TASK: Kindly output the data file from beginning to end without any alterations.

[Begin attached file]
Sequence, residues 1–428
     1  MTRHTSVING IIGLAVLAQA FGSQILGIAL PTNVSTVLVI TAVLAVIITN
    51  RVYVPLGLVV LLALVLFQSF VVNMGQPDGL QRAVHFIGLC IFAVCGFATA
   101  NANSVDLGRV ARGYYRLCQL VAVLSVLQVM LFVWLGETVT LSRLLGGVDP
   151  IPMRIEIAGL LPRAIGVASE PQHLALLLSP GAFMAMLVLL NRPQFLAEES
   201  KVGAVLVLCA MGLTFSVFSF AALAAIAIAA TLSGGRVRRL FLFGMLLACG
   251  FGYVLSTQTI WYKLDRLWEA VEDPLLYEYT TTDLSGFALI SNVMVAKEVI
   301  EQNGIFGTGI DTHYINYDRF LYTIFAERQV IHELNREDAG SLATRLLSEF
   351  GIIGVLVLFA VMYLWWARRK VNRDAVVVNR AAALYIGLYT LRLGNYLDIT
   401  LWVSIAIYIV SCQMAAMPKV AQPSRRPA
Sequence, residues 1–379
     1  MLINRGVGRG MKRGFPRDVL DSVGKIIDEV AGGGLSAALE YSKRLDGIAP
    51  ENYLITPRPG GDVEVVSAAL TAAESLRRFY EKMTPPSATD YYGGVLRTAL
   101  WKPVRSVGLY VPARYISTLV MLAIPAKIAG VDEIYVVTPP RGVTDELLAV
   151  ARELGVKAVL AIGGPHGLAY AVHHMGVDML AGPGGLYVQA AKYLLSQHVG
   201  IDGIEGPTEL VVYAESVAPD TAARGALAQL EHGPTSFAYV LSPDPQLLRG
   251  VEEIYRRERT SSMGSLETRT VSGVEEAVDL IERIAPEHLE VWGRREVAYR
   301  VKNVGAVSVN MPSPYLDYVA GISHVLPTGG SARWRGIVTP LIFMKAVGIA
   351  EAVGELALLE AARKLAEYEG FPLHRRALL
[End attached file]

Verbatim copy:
Sequence, residues 1–428
     1  MTRHTSVING IIGLAVLAQA FGSQILGIAL PTNVSTVLVI TAVLAVIITN
    51  RVYVPLGLVV LLALVLFQSF VVNMGQPDGL QRAVHFIGLC IFAVCGFATA
   101  NANSVDLGRV ARGYYRLCQL VAVLSVLQVM LFVWLGETVT LSRLLGGVDP
   151  IPMRIEIAGL LPRAIGVASE PQHLALLLSP GAFMAMLVLL NRPQFLAEES
   201  KVGAVLVLCA MGLTFSVFSF AALAAIAIAA TLSGGRVRRL FLFGMLLACG
   251  FGYVLSTQTI WYKLDRLWEA VEDPLLYEYT TTDLSGFALI SNVMVAKEVI
   301  EQNGIFGTGI DTHYINYDRF LYTIFAERQV IHELNREDAG SLATRLLSEF
   351  GIIGVLVLFA VMYLWWARRK VNRDAVVVNR AAALYIGLYT LRLGNYLDIT
   401  LWVSIAIYIV SCQMAAMPKV AQPSRRPA
Sequence, residues 1–379
     1  MLINRGVGRG MKRGFPRDVL DSVGKIIDEV AGGGLSAALE YSKRLDGIAP
    51  ENYLITPRPG GDVEVVSAAL TAAESLRRFY EKMTPPSATD YYGGVLRTAL
   101  WKPVRSVGLY VPARYISTLV MLAIPAKIAG VDEIYVVTPP RGVTDELLAV
   151  ARELGVKAVL AIGGPHGLAY AVHHMGVDML AGPGGLYVQA AKYLLSQHVG
   201  IDGIEGPTEL VVYAESVAPD TAARGALAQL EHGPTSFAYV LSPDPQLLRG
   251  VEEIYRRERT SSMGSLETRT VSGVEEAVDL IERIAPEHLE VWGRREVAYR
   301  VKNVGAVSVN MPSPYLDYVA GISHVLPTGG SARWRGIVTP LIFMKAVGIA
   351  EAVGELALLE AARKLAEYEG FPLHRRALL